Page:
Interior Design, Feb. 1, 2011
“One time, my doctor referred me to a specialist, and I walked in the door and saw the place was a dump,” Andreas Charalambous says. “I just turned around and walked out.”
That will never happen at Bloo Dental, a family practice by his firm, Forma Design. When you walk in the door, you feel like you’ve been transported into an octopus’s garden-or the tube of a surfer’s dream wave. Curved wall segments frame the waiting area’s long sidewall, with dark blue banquettes tucked inside. A watery projection shimmers on the canopy arching over the reception desk, while a giant abstract water graphic, impossibly azure, appears on the desk’s front panel and wraps the exterior of the adjacent lab.
When dentist Haress Rahim hired Forma to design a practice in the center of Brambleton, a newly minted planned community in the northern Virginia suburb of Ashburn, Charalambous discovered from Rahim’s wife that his favorite color, besides pearly white, was ocean blue. “Oh, yes. He loves to scuba dive more than almost anything,” she said, jumping into a conversation during the schematic phase of the project.
Channeling the sea comes naturally to Charalambous, who grew up on the Mediterranean island of Cyprus. So that scuba discussion inspired him to use ocean imagery as a branding device. Then, flipping through a dictionary, he came across a phonetic pronunciation guide for blue and convinced Rahim that it would make a cool mnemonic for the practice.
Despite the Bloo of the name, however, the hardest-working color in the 2,500-square-foot space is white. It comes in many forms and textures, from the reception desk’s Corian pedestal to the floor tile’s subtle corallike pattern and the feature walls’ abstract anemone motif. White amoeba-shape pendant fixtures serve as functional ceiling sculpture.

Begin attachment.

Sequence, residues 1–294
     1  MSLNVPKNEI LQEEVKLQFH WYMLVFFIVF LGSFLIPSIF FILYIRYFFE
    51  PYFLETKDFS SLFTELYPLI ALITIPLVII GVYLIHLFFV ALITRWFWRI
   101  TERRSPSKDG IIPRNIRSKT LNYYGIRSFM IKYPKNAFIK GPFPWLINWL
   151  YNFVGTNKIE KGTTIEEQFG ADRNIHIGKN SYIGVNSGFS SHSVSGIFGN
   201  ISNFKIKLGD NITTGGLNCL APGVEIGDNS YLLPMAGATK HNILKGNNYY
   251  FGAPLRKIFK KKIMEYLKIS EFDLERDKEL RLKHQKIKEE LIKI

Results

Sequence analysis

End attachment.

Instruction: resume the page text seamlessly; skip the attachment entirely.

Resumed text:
The white plastic laminate on a freestanding sterilization module, which separates the open hygiene bay for children from a suite of four exam rooms for adults, is accented by a blue backsplash. Several of Maya Lin’s polyethylene stools are white-they’re scattered, like pebbles on a beach, both in the vestibule between the adult exam rooms and at the children’s end of the waiting area. But the occasional stool is green or orange.
Adding to the beachy ambience, daylight shines in from windows on two sides of the corner space. Patients can even gaze out while having their choppers documented for posterity: The digital X-ray machine sits in the open, right next to the sterilization module.
Patients undergoing more serious procedures recline in massage chairs, wearing wireless headphones and watching favorite TV shows on flat-screen monitors set flush to the ceiling. Before or after, adults are welcome to grab an espresso in the “wireless café.” A hospitality or spa aesthetic can make an important contribution to certain health-care environments, Charalambous believes. For the District of Columbia Dental Society’s convention in April, he’s booked to speak on branding and office design.
Patients subconsciously “look for clues” when they enter a doctor or dentist’s office, he says. “They’re thinking, The space is immaculate. There’s an attention to detail. So I know this person is going to take good care of me.” And they leave Rahim’s chair feeling Bloo, not blue.
Photography by Geoffrey Hodgon.